ANN ARBOR, Mich. & WASHINGTON--(BUSINESS WIRE)--Over half of Americans continue to support physician-assisted suicide for terminally ill patients with less than six months to live, according to the Truven Health Analytics-NPR Health Poll. Truven Health Analytics was formerly the Healthcare business of Thomson Reuters
“As medical science advances, it is becoming more capable of maintaining a life, even perhaps beyond the wishes of the patient and their family”
Truven Health Analytics and NPR conduct a monthly poll to gauge attitudes and opinions on a wide range of health issues.
The survey asked respondents to share their views on physician-assisted suicide. The results were compared with data compiled from the same poll questions asked a year ago and found that 55 percent of Americans support physician-assisted suicide in the case of a terminally ill patient with less than six months to live – the same proportion of those who supported it a year ago. Of those who said they did not support physician-assisted suicide for the terminally ill, 23 percent said a physician should be allowed to provide the patient’s family members with the means to end the patient’s life if requested by the patient or family, up slightly from 2011.
When asked their thoughts on physician-assisted suicide in cases when a patient is experiencing severe pain or severe disability, but is not terminally ill, 29 percent said they supported physician-assisted suicide – unchanged from 2011. Twenty eight percent of respondents who did not support physician-assisted suicide for patients experiencing severe pain or disability said a physician should be allowed to provide patients or their family members with the means to end the patient’s life if requested by the patient or family – a slight decrease from 29 percent in 2011.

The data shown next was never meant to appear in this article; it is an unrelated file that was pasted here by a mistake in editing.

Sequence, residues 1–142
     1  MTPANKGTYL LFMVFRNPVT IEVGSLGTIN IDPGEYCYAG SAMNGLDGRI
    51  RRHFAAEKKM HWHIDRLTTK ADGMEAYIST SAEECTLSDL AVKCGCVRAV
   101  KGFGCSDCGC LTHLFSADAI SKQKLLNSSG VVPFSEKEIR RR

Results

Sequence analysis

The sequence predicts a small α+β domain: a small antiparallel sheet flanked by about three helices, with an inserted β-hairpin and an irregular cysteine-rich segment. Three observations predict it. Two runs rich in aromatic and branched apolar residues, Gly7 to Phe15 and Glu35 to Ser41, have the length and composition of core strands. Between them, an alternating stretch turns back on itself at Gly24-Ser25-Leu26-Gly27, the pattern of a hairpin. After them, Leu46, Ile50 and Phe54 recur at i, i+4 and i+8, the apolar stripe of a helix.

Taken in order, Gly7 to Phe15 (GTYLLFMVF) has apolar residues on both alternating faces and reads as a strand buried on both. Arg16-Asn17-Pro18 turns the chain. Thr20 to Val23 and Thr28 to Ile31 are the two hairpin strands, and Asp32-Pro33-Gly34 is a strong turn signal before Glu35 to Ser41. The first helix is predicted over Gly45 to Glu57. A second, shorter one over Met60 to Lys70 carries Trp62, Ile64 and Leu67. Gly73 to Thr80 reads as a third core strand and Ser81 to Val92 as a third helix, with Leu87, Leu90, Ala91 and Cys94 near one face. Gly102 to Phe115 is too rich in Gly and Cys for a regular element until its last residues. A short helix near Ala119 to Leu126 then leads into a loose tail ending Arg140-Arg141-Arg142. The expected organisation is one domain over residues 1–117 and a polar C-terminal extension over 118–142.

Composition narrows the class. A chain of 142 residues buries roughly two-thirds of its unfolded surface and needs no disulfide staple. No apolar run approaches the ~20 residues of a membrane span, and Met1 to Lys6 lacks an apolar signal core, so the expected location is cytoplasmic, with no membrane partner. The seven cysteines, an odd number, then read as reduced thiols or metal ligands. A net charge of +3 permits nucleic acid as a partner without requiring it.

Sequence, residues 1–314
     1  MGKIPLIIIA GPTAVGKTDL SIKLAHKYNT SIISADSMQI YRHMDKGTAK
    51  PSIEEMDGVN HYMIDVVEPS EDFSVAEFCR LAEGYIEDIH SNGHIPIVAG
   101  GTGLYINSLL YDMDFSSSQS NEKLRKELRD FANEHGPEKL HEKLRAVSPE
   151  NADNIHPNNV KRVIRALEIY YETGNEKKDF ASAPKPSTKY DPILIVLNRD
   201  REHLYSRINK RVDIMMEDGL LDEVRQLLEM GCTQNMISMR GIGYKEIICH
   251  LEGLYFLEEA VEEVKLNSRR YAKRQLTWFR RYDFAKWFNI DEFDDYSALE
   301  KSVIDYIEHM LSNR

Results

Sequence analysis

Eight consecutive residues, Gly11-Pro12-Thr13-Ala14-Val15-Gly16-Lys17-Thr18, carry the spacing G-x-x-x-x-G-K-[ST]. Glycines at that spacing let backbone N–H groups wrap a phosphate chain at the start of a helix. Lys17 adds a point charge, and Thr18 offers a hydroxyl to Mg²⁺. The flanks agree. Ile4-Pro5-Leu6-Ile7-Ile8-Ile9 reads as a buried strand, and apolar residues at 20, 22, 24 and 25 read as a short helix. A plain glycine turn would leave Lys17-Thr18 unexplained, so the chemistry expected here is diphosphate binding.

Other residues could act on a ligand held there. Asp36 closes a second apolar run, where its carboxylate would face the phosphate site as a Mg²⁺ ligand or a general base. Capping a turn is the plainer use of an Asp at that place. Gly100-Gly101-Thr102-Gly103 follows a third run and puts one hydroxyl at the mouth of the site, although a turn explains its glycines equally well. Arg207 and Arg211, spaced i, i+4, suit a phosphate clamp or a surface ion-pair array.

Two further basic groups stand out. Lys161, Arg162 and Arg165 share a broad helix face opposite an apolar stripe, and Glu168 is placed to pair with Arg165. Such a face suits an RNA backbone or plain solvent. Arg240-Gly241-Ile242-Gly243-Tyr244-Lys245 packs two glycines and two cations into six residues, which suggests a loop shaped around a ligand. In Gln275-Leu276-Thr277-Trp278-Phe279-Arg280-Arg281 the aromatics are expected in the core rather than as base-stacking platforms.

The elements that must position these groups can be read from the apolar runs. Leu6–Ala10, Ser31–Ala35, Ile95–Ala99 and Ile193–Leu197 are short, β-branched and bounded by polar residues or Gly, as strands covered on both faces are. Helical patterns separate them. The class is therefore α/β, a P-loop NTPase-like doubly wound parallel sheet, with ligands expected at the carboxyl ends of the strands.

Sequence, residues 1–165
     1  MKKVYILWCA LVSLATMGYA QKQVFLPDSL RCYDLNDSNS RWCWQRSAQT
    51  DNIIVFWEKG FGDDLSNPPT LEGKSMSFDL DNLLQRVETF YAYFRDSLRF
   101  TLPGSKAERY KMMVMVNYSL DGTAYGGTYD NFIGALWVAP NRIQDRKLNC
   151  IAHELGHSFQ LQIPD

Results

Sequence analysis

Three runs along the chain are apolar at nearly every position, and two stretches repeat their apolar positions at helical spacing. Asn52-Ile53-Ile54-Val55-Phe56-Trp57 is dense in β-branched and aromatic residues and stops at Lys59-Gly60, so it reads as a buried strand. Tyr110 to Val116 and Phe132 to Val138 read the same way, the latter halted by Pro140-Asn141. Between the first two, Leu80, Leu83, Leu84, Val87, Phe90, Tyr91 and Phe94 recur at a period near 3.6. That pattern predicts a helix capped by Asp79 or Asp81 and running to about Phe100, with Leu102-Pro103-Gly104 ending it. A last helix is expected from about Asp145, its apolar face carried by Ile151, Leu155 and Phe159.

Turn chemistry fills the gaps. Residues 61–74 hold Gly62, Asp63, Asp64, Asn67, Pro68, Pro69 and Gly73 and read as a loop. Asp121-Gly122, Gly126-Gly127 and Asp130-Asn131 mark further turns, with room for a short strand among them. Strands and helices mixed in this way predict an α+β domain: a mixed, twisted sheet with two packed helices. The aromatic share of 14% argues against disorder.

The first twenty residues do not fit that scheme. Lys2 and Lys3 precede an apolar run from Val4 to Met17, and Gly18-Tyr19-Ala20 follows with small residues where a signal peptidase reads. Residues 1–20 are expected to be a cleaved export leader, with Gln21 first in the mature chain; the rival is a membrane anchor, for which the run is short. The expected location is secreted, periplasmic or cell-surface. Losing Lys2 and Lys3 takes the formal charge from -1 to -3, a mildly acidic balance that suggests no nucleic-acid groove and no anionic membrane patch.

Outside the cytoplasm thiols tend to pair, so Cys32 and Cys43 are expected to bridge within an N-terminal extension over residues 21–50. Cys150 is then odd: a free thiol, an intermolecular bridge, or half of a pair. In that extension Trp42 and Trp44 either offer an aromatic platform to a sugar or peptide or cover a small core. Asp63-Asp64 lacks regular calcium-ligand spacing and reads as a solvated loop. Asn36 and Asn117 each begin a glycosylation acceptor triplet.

“As medical science advances, it is becoming more capable of maintaining a life, even perhaps beyond the wishes of the patient and their family,” said Raymond Fabius, M.D., chief medical officer at Truven Health Analytics. “While this subject is difficult to discuss, it will be increasingly relevant as time passes.”
To date, the Truven Health Analytics-NPR Health Poll has explored numerous health topics, including generic drugs, abortion, vaccines, food allergies, and organic and genetically modified foods. NPR's reports on the surveys are archived online at the Shots health blog here.
Truven Health Analytics maintains a library of poll results here.
The Truven Health Analytics-NPR Health Poll is powered by the Truven Health PULSESM Healthcare Survey, the nation’s largest and longest-running independently funded, nationally representative telephone poll that collects information about health-related behaviors and attitudes and healthcare utilization from more than 100,000 US households annually. Survey questions are developed in conjunction with NPR. The figures in this month's poll are based on 3,017 participants interviewed from July 1-13, 2011 and 3,006 participants interviewed from October 1-11, 2012. The margin of error is 1.8 percent.
About Truven Health Analytics
Truven Health Analytics, formerly the Healthcare business of Thomson Reuters, delivers unbiased information, analytic tools, benchmarks, and services to the healthcare industry. Hospitals, government agencies, employers, health plans, clinicians, pharmaceutical, and medical device companies have relied on us for more than 30 years. We combine our deep clinical, financial, and healthcare management expertise with innovative technology platforms and information assets to make healthcare better by collaborating with our customers to uncover and realize opportunities for improving quality, efficiency, and outcomes. With more than 2,000 employees globally, we have major offices in Ann Arbor, Mich.; Chicago; and Denver. Advantage Suite, Micromedex, ActionOI, MarketScan, and 100 Top Hospitals are registered trademarks or trademarks of Truven Health Analytics. For more information, please visit www.truvenhealth.com.
NPR is an award-winning, multimedia news organization and an influential force in American life. In collaboration with more than 900 independent public radio stations nationwide, NPR strives to create a more informed public - one challenged and invigorated by a deeper understanding and appreciation of events, ideas and cultures.